Croup is a childhood condition that affects the windpipe (trachea), the airways to the lungs (the bronchi) and the voice box (larynx).
A child with croup has a distinctive barking cough and will make a harsh sound, known as stridor, when they breathe in.
A blocked airway can also cause a hoarse voice and breathing difficulties.
Croup can usually be diagnosed by a doctor and treated at home. However, if your child’s symptoms are severe and they are finding it difficult to breathe, take them to the nearest hospital’s accident and emergency (A&E) department.
Why does croup happen?
Commonly, croup is caused by a viral infection. In 80% of cases, the parainfluenza virus is responsible.
In some cases, croup may be caused by an allergic reaction.
There are two types of croup:
- viral croup (laryngotracheitis), which develops over several days and is caused by an infection
- spasmodic croup, which involves repeated, short-lasting episodes of croup that can be caused by an allergic reaction
The same treatments are recommended for both viral croup and spasmodic croup.
Read more about the causes of croup.
Who is affected?
Croup usually affects young children aged between six months and three years, with most cases occurring in two-year-olds. However, croup can sometimes develop in older children up to 15 years of age.
About three in 100 children will suffer from croup every year. The condition is more common during the late autumn and early winter months.
It tends to affect more boys than girls.
It is occasionally possible for a child to experience croup more than once during childhood.
Most cases of croup are mild and get better on their own, without the need for treatment. Sitting your child upright and comforting them if they are distressed is important, because crying may make symptoms worse. Your child should also drink plenty of fluids to prevent dehydration.
More severe cases of croup may need to be treated with steroids to reduce the swelling in the throat.
If your child has breathing problems, hospital treatment, such as adrenaline and an oxygen mask may be required.
Read more about treating croup.
Around 60% of croup cases clear up within 48 hours. However, in some cases symptoms can last for up to two weeks.
It is very rare for a child to die from croup.
Read more about the complications of croup.
Croup is spread in a similar way to the common cold, so it is difficult to prevent.
Good hygiene is the main defence against croup, such as regularly washing hands and cleaning surfaces.
A number of your child's routine vaccinations also protect against some of the infections that can cause croup. These include:
- MMR - protection from measles, mumps and rubella
- DTaP/IPV/Hib - protection from diphtheria, tetanus, whooping cough, polio and Haemophilus influenzae type b
A child can get croup at any time of the year, although it's more likely to occur during late autumn or early winter.
This may be because there are more colds and viruses around at this time of year.
Initial symptoms of viral croup are similar to those of a cold. They can include a:
Over 1-2 days, specific symptoms that are characteristic of croup will develop. These include:
- a bark-like cough
- a hoarse or croaky voice
- difficulty breathing
- a harsh grating sound when breathing in called stridor
- difficulty swallowing
Symptoms of spasmodic croup are similar to those mentioned above. However, a bark-like cough and stridor tend to occur suddenly, usually at night.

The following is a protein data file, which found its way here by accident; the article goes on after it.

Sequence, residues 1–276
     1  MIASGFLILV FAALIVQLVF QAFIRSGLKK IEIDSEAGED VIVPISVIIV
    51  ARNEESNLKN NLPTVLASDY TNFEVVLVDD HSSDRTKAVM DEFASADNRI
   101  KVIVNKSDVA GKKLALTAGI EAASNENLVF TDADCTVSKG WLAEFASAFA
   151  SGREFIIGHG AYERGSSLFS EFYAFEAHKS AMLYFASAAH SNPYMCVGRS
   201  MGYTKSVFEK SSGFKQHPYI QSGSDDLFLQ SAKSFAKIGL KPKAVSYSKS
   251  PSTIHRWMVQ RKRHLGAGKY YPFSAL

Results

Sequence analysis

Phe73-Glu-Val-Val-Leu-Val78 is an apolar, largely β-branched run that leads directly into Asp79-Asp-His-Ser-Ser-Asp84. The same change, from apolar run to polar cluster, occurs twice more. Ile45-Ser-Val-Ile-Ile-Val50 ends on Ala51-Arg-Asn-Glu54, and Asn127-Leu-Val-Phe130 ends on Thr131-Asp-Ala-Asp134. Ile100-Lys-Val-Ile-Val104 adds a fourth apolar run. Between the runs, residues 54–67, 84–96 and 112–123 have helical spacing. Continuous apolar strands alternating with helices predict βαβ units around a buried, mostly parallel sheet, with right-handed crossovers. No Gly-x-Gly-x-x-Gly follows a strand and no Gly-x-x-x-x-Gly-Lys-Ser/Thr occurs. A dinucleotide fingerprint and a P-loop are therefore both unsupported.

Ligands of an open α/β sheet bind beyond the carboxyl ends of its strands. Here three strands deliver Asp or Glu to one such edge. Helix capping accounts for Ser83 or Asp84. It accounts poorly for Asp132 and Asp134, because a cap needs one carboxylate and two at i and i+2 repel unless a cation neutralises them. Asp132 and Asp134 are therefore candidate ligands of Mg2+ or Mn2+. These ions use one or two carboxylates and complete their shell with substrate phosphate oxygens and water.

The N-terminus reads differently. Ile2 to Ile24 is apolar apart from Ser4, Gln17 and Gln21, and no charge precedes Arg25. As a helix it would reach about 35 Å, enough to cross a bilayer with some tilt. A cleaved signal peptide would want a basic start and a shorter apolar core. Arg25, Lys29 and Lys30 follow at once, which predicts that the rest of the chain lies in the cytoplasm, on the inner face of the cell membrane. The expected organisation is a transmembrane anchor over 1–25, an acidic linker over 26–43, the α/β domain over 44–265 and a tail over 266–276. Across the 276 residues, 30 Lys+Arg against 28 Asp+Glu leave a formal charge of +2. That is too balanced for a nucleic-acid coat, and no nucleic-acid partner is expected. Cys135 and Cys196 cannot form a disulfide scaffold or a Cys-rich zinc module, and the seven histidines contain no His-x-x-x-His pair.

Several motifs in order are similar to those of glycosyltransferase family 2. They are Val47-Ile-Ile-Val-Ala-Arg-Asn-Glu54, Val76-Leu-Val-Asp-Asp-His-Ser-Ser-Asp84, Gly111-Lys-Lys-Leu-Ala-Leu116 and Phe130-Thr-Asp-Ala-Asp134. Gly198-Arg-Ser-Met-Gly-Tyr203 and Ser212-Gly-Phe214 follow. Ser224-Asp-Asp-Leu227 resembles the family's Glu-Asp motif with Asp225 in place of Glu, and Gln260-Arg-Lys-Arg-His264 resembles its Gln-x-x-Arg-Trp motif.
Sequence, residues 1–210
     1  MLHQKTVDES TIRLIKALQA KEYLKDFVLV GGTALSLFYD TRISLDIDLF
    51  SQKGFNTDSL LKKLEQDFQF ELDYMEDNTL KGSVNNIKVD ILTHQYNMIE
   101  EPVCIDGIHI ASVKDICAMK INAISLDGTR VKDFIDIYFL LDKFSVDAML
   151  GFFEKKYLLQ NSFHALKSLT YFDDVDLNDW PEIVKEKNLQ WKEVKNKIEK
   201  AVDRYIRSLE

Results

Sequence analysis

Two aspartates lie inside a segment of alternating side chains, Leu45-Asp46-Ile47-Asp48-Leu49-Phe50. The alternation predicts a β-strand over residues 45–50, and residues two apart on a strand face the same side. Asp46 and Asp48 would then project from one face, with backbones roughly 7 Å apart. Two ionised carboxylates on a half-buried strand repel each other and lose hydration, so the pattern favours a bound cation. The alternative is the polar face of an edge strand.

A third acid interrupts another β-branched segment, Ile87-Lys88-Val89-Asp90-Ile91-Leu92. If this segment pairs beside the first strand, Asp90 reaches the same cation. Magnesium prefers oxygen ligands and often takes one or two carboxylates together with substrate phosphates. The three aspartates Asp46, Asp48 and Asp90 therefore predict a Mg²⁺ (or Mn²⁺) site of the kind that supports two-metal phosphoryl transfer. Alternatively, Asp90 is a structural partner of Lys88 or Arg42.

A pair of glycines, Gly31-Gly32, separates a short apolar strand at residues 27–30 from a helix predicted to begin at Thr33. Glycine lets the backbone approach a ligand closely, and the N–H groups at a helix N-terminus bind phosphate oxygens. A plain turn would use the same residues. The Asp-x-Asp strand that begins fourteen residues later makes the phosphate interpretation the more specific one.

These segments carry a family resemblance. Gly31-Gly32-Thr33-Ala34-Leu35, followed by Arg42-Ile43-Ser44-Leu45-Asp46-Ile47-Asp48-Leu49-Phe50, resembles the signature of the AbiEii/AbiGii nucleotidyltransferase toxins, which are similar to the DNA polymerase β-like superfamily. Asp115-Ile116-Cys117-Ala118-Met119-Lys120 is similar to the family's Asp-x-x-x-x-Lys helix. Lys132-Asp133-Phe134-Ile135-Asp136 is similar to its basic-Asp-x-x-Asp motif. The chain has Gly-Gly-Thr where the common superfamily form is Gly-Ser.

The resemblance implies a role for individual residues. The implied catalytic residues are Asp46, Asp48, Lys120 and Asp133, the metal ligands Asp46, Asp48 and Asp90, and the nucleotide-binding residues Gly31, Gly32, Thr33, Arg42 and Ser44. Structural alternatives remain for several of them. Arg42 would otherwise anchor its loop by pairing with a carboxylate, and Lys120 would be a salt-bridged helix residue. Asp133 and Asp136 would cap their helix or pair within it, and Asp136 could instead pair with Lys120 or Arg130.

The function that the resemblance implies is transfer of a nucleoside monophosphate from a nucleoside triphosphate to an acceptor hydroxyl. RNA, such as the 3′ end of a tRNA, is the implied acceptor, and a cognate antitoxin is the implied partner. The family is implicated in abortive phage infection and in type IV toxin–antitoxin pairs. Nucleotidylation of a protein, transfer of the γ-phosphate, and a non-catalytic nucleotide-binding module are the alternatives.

Stridor is often most noticeable when the child cries or coughs. However, in more severe cases of croup it can also occur when the child is resting or sleeping.
Symptoms tend to be worse at night. Although they usually only last for a few days, they can occasionally last up to two weeks.
When to seek medical advice
Croup can usually be diagnosed by a doctor and mild cases can be treated at home.
However, seek immediate medical attention if your child has any of the following symptoms:
- severe breathing difficulties
- an increased breathing rate (they're too breathless to feed or talk) or 'silent chest' (you're unable to hear sounds of breathing)
- a worsening cough or rasping sound (stridor)
- distress and agitation
- dark, blue-tinged or pale skin
- the skin around their ribs and chest appears to be pulled in and tight, making the bones of their chest and ribs more visible
- abnormal drowsiness and sleepiness
- a rapid heartbeat or a falling heart rate
You should take them to your nearest hospital's accident and emergency (A&E) department or call for an ambulance.
Some of these symptoms may indicate a potentially life-threatening underlying condition called epiglottitis (inflammation and swelling of the epiglottis).
The symptoms could also indicate tracheitis (inflammation of the windpipe), which also requires immediate medical attention.
Croup usually develops as the result of a viral infection. The infection causes the larynx (voice box) to become swollen and the trachea (windpipe) to become blocked.
The parainfluenza virus is the most common cause of croup. Four strains of the virus are responsible for around 80% of croup cases. These are:
- parainfluenza I
- parainfluenza II
- parainfluenza III
- parainfluenza IV
Parainfluenza I is responsible for most cases of croup.
The virus can be transmitted through close contact with infected people, as well as contaminated objects and surfaces. As with many airborne viruses, the parainfluenza virus is often spread by breathing in droplets from infected coughs or sneezes.
A number of other viruses can also cause croup. These include:
- influenza A and B (flu viruses)
- the measles virus, in children who have not been immunised against measles
- the herpes simplex virus (cold sore virus)
- the varicella-zoster virus (chickenpox virus)
- the adenovirus
- the rhinovirus
- the metapneumovirus
- the respiratory syncytial virus (RSV), which can cause severe breathing problems and pneumonia in babies
Less common causes of croup include:
- an allergic reaction to substances such as pollen or dust mites
- inhalation of irritants, such as chemicals
- acid leaking back out of the stomach and into the throat (acid reflux)
A doctor can diagnose croup by studying your child's symptoms, particularly the sound of their cough. They may also check your child's temperature for a fever and ask whether they have recently had a cold or viral infection.